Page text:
Growing Potatoes in Containers is great if you are short on space. Cultivate a lot of them in a limited space with a little effort!
Growing Potatoes in Containers is easier than you think. All they need is a little extra care to produce a good harvest. If you too want to enjoy these tasty veggies, learn How to Grow Potatoes in Pots!
Learn how to grow potatoes from store-bought potatoes here
Potato Plant Profile
Potatoes are a popular vegetable and take an essential spot in almost every cuisine globally. It grows as underground tubers on herbaceous annuals and can easily be cultivated in home gardens.
Botanical Name: Solanum tuberosum
Ideal Pot Size for Growing Potatoes
Potatoes need a large container for the tubers to spread well. You can go for pots that are 10-14 inches wide and 12-18 inches deep for the best growth. You can also use burlap bags, wooden barrels, or fruit crates. Ensure the container has a drainage hole at the bottom.
The general rule of thumb is—the more space, the more harvest you can get. So, it is wise to get as big containers as you can manage to grow potatoes.
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Potatoes are propagated via vegetation reproduction—the axillary buds on the surface of the potatoes.
- Gather some potatoes with eyes—axillary buds. New plants grow from these spots.
- Cut the potatoes in a way that each piece has 2-3 buds in them. Leave them in a dry spot to let them callous over for a day or two.
- Now fill 5-6 inches of the container with a nutrient-rich potting mix.
- Place 3-4 pieces in a 20-inch wide container with the growth nodes facing upwards.
- Cover them with 2-3 inches of soil.
- Locate the container at a place that receives 5-6 hours of bright direct sunlight and keep the soil evenly moist.
You’ll find new plants sprouting out in about a week.
Avoid these mistakes while propagating plants
Hilling of Potatoes
The key to growing more potatoes in containers lies in this step. Hilling is the method of piling up soil enriched in the organic matter around the seedlings to boost the growth of the underground tubers, i.e., the potatoes.
Once the seedlings grow 6-8 inches tall, aerate the soil around them and add 1-3 inches of a nutrient-rich medium. Repeat this process until the soil level reaches the pot surface. This will allow the plant to produce more potatoes, that too in a limited space.
Requirements for Growing Potatoes in Pots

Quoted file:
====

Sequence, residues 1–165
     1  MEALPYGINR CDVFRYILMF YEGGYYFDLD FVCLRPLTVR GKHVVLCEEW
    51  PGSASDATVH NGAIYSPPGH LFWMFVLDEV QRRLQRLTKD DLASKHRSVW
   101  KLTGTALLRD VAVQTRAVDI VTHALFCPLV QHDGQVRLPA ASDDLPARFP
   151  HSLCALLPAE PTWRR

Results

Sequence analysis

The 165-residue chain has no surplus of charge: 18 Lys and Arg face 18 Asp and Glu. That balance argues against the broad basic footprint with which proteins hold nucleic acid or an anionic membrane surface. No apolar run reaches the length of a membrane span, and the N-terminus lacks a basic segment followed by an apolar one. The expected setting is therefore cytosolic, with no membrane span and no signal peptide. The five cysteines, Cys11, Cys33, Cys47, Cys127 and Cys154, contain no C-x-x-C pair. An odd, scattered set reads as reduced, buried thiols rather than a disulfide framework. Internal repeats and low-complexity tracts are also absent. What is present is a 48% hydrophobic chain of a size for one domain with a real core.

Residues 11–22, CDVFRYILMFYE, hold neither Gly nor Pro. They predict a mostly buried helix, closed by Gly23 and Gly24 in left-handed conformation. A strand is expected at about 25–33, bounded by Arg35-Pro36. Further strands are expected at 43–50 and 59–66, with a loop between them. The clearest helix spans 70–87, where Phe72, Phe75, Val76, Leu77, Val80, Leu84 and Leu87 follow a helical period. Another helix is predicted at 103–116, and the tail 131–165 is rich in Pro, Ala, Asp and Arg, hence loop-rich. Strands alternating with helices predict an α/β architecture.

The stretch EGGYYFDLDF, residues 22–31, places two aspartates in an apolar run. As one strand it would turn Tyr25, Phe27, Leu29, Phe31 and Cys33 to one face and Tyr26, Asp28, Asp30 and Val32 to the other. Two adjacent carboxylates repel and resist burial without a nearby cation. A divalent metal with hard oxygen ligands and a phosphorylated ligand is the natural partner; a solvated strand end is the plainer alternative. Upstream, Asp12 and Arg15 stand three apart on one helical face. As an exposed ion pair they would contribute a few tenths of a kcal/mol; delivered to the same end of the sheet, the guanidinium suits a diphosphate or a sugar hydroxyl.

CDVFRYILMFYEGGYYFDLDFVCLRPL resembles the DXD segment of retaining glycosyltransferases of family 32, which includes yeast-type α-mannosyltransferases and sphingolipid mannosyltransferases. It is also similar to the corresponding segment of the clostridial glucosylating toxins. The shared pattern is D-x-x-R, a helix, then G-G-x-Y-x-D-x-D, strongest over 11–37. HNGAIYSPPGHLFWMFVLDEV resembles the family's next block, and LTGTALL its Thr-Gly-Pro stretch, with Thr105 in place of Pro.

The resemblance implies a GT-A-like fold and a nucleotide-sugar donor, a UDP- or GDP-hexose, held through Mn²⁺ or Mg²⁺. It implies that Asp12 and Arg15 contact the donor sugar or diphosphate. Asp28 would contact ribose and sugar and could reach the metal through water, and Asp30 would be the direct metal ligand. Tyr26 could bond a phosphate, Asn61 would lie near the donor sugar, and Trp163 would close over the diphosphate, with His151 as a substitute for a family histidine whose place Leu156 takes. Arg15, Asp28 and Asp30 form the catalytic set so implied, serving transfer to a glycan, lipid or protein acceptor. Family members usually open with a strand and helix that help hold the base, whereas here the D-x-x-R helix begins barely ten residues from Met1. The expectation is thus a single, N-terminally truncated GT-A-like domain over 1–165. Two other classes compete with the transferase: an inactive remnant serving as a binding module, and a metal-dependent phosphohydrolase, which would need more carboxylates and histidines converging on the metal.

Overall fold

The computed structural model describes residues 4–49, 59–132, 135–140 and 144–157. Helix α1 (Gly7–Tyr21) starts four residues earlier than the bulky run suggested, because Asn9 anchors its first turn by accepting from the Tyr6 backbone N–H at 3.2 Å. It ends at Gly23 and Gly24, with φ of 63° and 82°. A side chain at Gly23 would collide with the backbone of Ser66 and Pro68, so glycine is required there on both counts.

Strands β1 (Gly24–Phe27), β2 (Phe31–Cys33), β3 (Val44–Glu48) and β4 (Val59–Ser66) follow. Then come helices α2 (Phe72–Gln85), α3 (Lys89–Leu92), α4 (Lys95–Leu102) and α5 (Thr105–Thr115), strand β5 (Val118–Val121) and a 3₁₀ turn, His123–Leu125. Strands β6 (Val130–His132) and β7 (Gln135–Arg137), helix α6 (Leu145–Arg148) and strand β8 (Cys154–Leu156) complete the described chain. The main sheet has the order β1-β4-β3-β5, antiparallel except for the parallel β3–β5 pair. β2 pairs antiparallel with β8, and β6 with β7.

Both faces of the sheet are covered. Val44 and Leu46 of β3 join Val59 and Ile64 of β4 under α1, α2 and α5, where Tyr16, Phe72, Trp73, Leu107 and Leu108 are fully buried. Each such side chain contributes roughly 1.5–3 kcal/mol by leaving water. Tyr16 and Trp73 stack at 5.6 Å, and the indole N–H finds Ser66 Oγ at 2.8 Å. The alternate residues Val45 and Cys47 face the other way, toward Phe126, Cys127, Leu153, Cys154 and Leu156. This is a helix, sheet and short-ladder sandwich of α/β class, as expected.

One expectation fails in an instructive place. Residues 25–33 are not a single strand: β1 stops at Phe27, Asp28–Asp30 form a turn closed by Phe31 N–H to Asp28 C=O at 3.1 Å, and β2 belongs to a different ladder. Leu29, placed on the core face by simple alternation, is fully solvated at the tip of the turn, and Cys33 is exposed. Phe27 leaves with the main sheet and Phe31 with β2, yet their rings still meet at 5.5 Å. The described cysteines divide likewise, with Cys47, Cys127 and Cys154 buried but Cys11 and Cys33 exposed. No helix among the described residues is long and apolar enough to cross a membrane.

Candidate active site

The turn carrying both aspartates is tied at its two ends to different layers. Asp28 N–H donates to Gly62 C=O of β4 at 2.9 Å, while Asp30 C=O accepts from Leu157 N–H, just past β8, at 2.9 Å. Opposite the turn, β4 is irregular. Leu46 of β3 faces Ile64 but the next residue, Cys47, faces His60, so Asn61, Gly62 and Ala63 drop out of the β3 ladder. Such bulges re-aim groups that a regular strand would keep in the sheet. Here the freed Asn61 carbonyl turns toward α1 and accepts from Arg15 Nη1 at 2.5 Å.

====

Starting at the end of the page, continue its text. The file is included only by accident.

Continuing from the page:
Potatoes need a minimum of 6-7 hours of sunlight daily. The more light they will get, the better the harvest will be. Avoid keeping the plant in the shade as it will result in leggy growth and limited to no potatoes.
Potatoes grow well in nutrient-rich, well-draining soil with a pH of 6-6.5. Amend the growing medium with plenty of manure or compost to add micronutrients.
Remember, if the soil is not well-draining, it will result in diseased tubers.
It is essential to keep the soil slightly on the moist side. This will prevent the plant from forming hollow potatoes. Soak the growing medium thoroughly, once or twice a week.
Keep an eye on the topsoil, and never let it dry out completely.
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Potato Plant Care
Potatoes in pots demand more fertilizer. Enrich the medium with plenty of organic matter at the time of planting. Later, use a balanced liquid fertilizer, diluted to 1/2 of its strength, once in 3 weeks.
While hilling the potatoes, you can mix egg shells, banana peels, and fish emulsion for an added boost.
Pests and Diseases
Potatoes are generally infested by potato bugs, blights, warts, or charcoal rot. Spray the plant with insecticidal soap or neem oil solution to keep them at bay.
Avoid overwatering and grow the plant in full sun with good air circulation to keep most diseases away.
Learn how to grow sweet potatoes at home here
Potatoes get ready for harvest 70-90 days from planting. Wilting or drying out stems indicates that your potatoes are ready for harvest.
Gently dig the soil, and pull out the potatoes manually. Be careful not to hurt them in the process, and enjoy a plateful of this tasty homegrown.
You can also eat its leaves after stir-frying or sautéing and adding them to salads. They taste best when fresh.
Very good article.
Make sure to water deeply by waiting until water runs out the bottom. It is counterproductive to just water the surface of the soil. The nice thing about containers is that you can visibly see when you ve watered deeply enough. Simply watch for water to seep out of the container s bottom, and you ll know that they have a sufficient amount of water.
Potatoes are in the nightshade. THE LEAVES AND STEMS ARE POISONOUS! Recommending people to eat them is stupid!!!!!!!!!!!!!